A separate provision in a trust document for the distribution of a certain amount or asset to a specific individual, class of individuals, or an organization upon the death of a grantor. Also called a specific bequest if included in the terms of a will.
Protects assets in a trust from a beneficiary’s creditors.
Subchapter S corporation stock
Stock in a corporation that has chosen to be subject to the rules of Subchapter S of the Internal Revenue Code.
Person or institution named in the trust document to serve as trustee in the event that the prior trustee dies, resigns, becomes incapacitated, or otherwise is unable to serve.
The spouse who is living after the other spouse has died.
tax-deferred retirement plan
A retirement savings plan (like an IRA, 401(k), pension, profit sharing, or Keogh plan) that qualifies for special income tax treatment. The contributions made to the plan and subsequent appreciation of the assets are not taxed until they are withdrawn at a later time—ideally, at retirement, when the participant’s income and income tax rate are lower.
The value of an estate after allowable deductions are made. Deductions may include mortgages and other debts, estate administration expenses, and property that passes to the decedent’s surviving spouse and qualified charities. Also called net estate. Compare to gross estate.
Generally, a gift of more than $16,000 in one year to someone other than the donor’s spouse, a political organization, or a qualifying charity that is not for the payment of the donee’s tuition or medical expenses. The value of the taxable gift reduces the donor’s gift tax exemption. After a donor has used up the donor’s gift tax exemption, additional gifts will be taxed. In 2022, the federal gift tax exemption is the same as the federal estate tax exemption ($11.58 million), and the tax rate is 40 percent. The donor is generally responsible for paying the gift tax.
tenants by the entirety
A form of joint ownership available in some states in which a married couple owns the same property together. When one spouse dies, the deceased spouse’s share of the property automatically transfers to the surviving spouse without requiring a probate.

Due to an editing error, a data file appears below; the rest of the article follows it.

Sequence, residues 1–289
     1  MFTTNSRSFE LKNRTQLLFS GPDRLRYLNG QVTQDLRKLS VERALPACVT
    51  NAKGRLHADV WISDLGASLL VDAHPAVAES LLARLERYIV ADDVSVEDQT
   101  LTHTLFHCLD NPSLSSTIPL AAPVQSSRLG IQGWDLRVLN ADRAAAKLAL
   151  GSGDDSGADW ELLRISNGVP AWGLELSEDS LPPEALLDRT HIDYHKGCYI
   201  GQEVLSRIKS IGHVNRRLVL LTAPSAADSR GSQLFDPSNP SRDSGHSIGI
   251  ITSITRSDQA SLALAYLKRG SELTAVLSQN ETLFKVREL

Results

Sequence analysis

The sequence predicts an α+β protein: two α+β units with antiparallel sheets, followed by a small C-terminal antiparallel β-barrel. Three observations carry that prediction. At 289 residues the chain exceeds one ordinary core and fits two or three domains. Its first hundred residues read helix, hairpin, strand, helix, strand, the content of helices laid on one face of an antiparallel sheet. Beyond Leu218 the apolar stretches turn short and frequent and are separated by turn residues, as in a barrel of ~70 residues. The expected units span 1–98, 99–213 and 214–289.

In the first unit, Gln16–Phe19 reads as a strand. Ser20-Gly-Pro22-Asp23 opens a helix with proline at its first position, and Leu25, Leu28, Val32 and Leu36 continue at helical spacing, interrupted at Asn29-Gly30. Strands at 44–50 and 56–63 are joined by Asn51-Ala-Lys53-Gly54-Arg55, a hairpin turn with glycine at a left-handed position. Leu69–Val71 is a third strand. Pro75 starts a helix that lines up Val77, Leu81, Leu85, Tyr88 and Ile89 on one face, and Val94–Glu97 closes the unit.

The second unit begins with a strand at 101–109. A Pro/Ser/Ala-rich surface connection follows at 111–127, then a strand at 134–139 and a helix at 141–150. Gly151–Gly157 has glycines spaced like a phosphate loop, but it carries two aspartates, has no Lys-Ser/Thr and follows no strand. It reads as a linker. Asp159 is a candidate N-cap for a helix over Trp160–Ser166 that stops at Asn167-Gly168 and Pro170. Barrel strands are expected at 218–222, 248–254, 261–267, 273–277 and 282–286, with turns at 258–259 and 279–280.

tenants in common
A form of joint ownership in which two or more persons own the same asset. Upon the death of a tenant in common (or co-owner), the deceased co-owner’s share of the asset transfers to his or her estate instead of being automatically transferred to the surviving co-owners. If the deceased co-owner’s share was owned in his or her individual name (as opposed to a trust), the transfer of the deceased co-owner’s share will require a probate.
A trust in a will. Can only go into effect at death. Does not avoid probate.
With a valid will. May be used to describe the person who has died having made a will or that person’s estate.
Document proving ownership of an asset.
See pay-on-death designation.
Tax on assets when they are transferred to another. The estate tax, gift tax, and generation-skipping transfer tax are all transfer taxes.
An entity that holds assets for the benefit of certain other persons or entities. May be individual or joint, revocable or irrevocable, inter vivos or testamentary.
An institution that specializes in managing trusts as trustees. Also called a corporate trustee.
Person or institution that manages and distributes trust assets according to the instructions in the trust document.
When a trust or other entity holds no assets, it is unfunded. A revocable living trust is unfunded if the grantor has not transferred assets into it.
The amount each person is allowed to deduct from federal estate taxes owed after death. In other words, this is the amount of estate taxes that would be due on net assets having a value equal to the estate tax exemption.
Uniform Transfer to Minors Act (UTMA)
Law drafted and recommended by the National Conference of Commissioners on Uniform State Laws in 1986 and subsequently enacted in many states. Allows a minor to receive assets by appointing a custodian, who has the fiduciary duty to manage the assets on behalf of the minor until the minor reaches the legal age of majority for the state.
A type of deed that transfers title to or ownership of real property and guarantees that the owner (called the grantor on the deed) holds clear title and has the right to transfer the property. If the title is defective, the grantor is liable. Compare to quitclaim deed.
A legal document with instructions for disposing of a person’s assets after death. A will can only be enforced through a probate court. Also called a last will, testament, or last will and testament.